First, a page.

Release your inner Artist in a world of Data Visualizations

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For those of us who follow social media on topics like analytics and data science, it seems like every day brings a newly popular data visualization. When well designed, these graphics are engaging and catch the eye, amongst so much text or photos of cats. But, I’m hearing that such stand-out is even more important in businesses.

We’ve written before about the need for Data Science teams, how to build them and the growing demand for specialist roles like Data Engineers. It seems as these teams mature a growing diversity of individual specialisms is emerging. As well as roles to provide consultancy to different business areas, we are hearing that Data Scientists are being complemented by Data Storytellers or Data Journalists.

But, in line with that growing focus in social media, the skillset we are hearing is growing in demand is that of a Data Visualizer or Data Artist.

Now, I don’t know how long ago your schooldays were, but my memories of those who chose to take art are very different from the kids who chose maths or science. Memories of abundant paint pots, clay and generally a creative mess – all feel a long way away from increasingly technology focused maths & science.

So, can the two coexist? From what we’ve seen, I’d like to suggest two options for filling this gap. Both have worked in different contexts.

Bringing an Arty-type into the team

Even before new libraries (in Python or R) made sophisticated interactive data visualizations more common, a few businesses saw their need for an eye to the aesthetics.

Listening to the leaders of analytics teams and some of their internal customers, it’s apparent that many organizations have been drowning in information. Multiple MI reports, BI dashboards, plus presentations from analytics teams. Despite all this data, too many leaders still express that it’s hard to “see the wood for the trees”. It sounds like more data does not equal more insight.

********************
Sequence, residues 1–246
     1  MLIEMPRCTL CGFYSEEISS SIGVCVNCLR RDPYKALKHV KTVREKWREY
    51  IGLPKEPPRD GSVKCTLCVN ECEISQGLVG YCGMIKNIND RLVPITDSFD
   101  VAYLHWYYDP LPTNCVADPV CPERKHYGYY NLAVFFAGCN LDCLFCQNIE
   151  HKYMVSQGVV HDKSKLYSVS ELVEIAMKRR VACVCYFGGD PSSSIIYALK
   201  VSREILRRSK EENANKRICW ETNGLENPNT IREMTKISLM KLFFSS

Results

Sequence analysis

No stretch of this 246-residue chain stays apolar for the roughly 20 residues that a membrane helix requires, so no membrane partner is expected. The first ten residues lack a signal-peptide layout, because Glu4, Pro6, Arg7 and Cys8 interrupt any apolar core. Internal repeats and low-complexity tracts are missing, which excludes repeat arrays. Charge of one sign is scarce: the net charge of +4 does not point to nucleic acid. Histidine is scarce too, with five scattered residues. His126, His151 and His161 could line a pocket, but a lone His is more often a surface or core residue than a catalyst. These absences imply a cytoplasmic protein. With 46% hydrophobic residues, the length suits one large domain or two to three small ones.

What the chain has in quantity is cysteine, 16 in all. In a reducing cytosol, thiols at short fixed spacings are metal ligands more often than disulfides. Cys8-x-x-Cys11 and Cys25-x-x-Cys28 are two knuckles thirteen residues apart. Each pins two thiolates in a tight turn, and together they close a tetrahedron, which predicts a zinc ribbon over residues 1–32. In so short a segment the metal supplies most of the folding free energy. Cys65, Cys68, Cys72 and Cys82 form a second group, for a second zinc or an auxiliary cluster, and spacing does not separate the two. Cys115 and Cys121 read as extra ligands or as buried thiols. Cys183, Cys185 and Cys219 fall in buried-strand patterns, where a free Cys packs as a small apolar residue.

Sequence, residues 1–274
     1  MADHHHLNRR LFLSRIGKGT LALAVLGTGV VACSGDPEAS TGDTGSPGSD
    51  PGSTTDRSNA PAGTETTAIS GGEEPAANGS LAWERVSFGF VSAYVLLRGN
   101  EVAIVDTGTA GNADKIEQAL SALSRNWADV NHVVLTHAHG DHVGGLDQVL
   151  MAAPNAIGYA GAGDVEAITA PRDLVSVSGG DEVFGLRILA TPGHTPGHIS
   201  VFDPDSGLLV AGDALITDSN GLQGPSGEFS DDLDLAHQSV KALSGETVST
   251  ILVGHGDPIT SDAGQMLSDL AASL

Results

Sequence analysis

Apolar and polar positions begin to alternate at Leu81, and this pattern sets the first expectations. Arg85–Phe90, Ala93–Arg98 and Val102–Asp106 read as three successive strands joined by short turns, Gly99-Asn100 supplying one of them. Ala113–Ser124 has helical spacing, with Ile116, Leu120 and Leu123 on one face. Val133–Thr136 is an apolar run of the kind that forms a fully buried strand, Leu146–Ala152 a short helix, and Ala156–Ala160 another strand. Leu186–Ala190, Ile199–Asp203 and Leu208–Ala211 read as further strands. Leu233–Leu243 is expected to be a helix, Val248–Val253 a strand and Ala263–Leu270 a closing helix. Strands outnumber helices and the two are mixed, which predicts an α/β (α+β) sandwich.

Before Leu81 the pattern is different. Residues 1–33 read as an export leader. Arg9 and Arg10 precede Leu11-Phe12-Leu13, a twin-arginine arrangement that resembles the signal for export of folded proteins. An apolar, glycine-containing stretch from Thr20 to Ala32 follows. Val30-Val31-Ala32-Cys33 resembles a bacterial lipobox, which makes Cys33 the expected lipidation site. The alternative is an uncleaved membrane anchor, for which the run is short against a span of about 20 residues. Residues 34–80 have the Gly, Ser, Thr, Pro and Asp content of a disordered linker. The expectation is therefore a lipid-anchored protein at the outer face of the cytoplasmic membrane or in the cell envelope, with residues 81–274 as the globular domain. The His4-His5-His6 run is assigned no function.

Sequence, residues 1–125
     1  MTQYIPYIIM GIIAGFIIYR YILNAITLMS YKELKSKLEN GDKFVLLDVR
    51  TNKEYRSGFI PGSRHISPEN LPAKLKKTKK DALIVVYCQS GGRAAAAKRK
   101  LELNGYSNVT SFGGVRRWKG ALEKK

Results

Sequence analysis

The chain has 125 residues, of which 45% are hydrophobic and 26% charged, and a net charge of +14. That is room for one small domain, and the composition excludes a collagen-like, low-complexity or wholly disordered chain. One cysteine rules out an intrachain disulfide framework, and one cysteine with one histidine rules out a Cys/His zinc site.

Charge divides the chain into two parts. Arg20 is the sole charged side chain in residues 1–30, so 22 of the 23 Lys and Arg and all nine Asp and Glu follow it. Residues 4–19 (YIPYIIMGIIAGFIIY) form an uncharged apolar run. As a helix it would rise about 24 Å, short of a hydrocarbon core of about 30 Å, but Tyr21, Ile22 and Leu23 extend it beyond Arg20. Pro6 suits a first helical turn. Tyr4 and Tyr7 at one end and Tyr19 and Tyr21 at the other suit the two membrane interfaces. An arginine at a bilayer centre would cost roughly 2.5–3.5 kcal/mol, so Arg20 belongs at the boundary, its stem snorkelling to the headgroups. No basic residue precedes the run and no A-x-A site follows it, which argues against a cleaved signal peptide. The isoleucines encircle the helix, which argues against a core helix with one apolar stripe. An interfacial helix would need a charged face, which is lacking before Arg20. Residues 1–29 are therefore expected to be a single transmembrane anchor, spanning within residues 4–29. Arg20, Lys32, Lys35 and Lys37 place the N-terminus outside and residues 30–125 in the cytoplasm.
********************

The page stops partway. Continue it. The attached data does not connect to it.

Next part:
Seeing the need for better presentation of data, with succinct and compelling graphics, some analytics leaders have turned to graphic designers. Whether a new hire or borrowed from an existing Digital team, these artists have managed to improve the visual effectiveness of reports. Some appear to favor infographics, whilst other produce compelling graphs or even embedded videos.

When a good relationship is built with this designer, their help is really valued by the analysts or Data Scientists we place. After sweating to prove causation or develop an improved targeting model, most analysts crave impact and recognition. Having their output look so professional, engaging and quick to digest – sounds like it really helps achieve that response from senior leaders.

So, for some organizations, a separate role works well, but at the expense of doing nothing to improve the data visualization skills of the Data Science team. Given growing demand for these skills, that may limit your analysts.

Develop Analysts into Data Artists

The other positive response, we’ve seen in client teams, is to train up analysts or data scientists in data visualization. When this is done well, we hear very positive reports from both the analysts themselves and their managers.